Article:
Another difficulty would be to address the issue of foreign handsets that are roaming in the network.


Hybrid-based techniques use a combination of network-based and handset-based technologies for location determination. One example would be Assisted-GPS, which uses both GPS and network information to compute the location. Hybrid-based techniques give the best accuracy of the three but inherit the limitations and challenges of network-based and handset-based technologies.

Examples of LBS technologies

*Cell Identification - The accuracy of this method can be as good as a few hundred meters in urban areas, but as poor as 32 km in suburban areas and rural zones. The accuracy depends on the known range of the particular network base station serving the handset at the time of positioning.
*Enhanced Cell Identification - With this method, one can get a precision similar to Cell Identification, but for rural areas, with circular sectors of 550 meters.
*TDOA - Time difference of arrival - The network determines the time difference and therefore the distance from each base station to the mobile phone.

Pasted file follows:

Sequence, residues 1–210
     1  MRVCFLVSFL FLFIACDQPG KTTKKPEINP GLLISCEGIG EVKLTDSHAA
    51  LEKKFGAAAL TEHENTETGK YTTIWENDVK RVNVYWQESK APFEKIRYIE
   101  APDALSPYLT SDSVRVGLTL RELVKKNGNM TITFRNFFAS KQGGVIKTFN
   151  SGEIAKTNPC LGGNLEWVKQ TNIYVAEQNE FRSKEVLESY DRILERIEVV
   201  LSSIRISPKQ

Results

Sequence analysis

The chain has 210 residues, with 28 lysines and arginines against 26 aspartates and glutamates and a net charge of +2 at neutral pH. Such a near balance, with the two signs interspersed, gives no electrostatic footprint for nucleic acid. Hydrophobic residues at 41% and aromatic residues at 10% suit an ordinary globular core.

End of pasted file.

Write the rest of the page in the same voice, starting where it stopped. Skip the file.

*TOA - Time of arrival - Same as TDOA, but this technology uses the absolute time of arrival at a certain base station rather than the difference between two stations.
*AOA - Angle of arrival - AOA mechanism locates the mobile phone at the point where the lines along the angles from each base station intersect.
* E-OTD - This is similar to TDOA, but the position is estimated by the mobile phone, not by the base station. The precision of this method depends on the number of available LMUs in the networks, varying from 50 to 200 m.
* Assisted-GPS - A largely GPS-based technology, which uses an operator-maintained ground station to correct for GPS errors caused by the atmosphere/topography. Assisted-GPS positioning technology typically falls back to cell-based positioning methods when indoors or in an urban-canyon environment.


ee also

* Assisted GPS
* Base station
* Cell site
* Global Positioning System
* GPS Phone
* GSM localization
* Internationalisation : usability, product design, user interface and cultural data collection
* Locating
* Location-based service
* Mobile dating
* Mobile phone
* Multilateration
* Positioning (telecommunications)
* Real Time Locating
* Secure telephone

External links

* [ openB
* [ GSM Localization on Mobile Phones]
* [ OpenCellID: An OpenSource CellID database]
* [ CellSpotting: A Global Cell Id-Based Information Service]
* [ LBS, the ingredients and the alternatives]
* [ Location API for J2ME]
* [ J2ME and Location-Based Services]